"Dorsey Dixon, a forty-year-old weaver, was tending his looms one rainy morning in the Winter of 1938 when he heard the news of a deadly automobile accident on nearby U.S. Highway 1."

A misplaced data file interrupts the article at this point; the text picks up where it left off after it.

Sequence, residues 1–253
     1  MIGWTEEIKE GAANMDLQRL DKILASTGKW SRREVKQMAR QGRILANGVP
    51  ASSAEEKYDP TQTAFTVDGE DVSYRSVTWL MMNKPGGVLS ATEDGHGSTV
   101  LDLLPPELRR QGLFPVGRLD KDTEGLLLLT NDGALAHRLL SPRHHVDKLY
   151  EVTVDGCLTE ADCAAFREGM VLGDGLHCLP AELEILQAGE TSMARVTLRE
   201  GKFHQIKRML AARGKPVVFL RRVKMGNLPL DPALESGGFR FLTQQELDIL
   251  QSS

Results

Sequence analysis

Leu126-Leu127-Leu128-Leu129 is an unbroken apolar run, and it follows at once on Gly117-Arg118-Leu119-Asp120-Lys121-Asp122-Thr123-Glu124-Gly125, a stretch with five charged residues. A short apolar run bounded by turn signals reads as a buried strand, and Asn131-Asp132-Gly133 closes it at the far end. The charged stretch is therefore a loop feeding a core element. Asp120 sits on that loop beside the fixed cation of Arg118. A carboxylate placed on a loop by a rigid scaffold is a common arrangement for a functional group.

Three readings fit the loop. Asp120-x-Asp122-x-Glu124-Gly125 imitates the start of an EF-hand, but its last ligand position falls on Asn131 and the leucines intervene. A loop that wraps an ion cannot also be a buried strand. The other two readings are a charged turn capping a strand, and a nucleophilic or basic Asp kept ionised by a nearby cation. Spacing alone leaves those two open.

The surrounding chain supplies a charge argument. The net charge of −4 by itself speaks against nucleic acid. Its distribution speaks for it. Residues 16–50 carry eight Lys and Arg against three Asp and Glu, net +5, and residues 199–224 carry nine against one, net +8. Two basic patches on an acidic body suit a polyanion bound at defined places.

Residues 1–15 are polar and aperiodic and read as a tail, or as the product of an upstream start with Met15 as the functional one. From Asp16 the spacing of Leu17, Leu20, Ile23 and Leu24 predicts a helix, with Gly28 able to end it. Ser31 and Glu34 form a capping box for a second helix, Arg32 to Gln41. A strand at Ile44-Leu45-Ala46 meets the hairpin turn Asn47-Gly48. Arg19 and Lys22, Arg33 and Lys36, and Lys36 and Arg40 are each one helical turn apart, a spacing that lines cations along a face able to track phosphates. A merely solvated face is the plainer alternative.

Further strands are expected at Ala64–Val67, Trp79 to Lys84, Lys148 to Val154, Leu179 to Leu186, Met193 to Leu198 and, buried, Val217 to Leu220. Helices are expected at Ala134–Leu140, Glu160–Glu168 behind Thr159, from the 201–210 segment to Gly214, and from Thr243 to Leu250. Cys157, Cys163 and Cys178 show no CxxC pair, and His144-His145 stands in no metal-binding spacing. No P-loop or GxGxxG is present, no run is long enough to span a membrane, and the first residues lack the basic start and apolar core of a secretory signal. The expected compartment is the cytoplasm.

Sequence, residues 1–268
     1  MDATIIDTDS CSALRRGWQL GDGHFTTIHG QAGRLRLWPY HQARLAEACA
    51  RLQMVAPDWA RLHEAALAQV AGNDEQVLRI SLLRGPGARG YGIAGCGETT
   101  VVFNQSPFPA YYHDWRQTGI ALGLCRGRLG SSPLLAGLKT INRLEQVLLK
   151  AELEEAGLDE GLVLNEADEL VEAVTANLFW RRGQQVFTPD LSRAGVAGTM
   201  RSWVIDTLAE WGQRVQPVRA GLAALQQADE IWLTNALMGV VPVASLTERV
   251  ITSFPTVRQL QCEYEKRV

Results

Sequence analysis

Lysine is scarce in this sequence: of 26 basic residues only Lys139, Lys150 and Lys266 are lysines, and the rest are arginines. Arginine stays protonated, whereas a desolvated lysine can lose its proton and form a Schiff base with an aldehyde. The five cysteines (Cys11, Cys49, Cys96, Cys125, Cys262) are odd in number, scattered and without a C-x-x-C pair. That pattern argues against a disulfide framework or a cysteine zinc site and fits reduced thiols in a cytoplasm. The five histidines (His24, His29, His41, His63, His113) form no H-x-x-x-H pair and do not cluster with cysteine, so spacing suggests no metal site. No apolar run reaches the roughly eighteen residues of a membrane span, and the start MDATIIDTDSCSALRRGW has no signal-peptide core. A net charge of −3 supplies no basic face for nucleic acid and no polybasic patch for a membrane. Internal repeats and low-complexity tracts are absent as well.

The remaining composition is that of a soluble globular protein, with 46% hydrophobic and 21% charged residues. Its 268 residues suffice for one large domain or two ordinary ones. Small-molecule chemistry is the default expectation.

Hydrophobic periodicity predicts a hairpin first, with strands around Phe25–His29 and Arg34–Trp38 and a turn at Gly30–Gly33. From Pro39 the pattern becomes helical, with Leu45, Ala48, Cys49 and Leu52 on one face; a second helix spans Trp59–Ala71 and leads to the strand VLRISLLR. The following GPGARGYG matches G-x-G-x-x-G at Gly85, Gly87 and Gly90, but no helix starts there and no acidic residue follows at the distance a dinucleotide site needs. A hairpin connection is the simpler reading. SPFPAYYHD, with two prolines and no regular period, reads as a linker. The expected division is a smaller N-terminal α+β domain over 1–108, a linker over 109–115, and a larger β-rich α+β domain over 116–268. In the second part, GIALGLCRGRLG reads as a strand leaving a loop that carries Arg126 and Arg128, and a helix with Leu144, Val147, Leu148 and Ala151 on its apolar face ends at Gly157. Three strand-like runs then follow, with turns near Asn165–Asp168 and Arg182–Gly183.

Dorsey Dixon, a forty-year-old weaver then employed at the Entwistle Mill in East Rockingham, North Carolina, was tending his looms one rainy morning in the winter of 1938 when he heard the news of a deadly automobile accident on nearby U.S. Highway 1. After his shift, Dixon and another worker went to view the crumpled Ford in which two local residents had been instantly killed. “So we put out around there where they’d pulled the old wreck in,” Dixon later recalled. “And that car was completely demolished; it was tore up. And I was looking in on the floorboard and I seen bottles—broken bottles—and blood all mixed up there. ‘Course, they probably was Co’-Cola bottles. But it was glass, you know, all broken to pieces and mixed up with blood there on the floorboard of that old wrecked car. And the thought came across my mind that many times cars had wrecked and killed people and that whiskey was mixed up with the broken glass and blood. And that’s how I was inspired to write ‘Wreck on the Highway.'”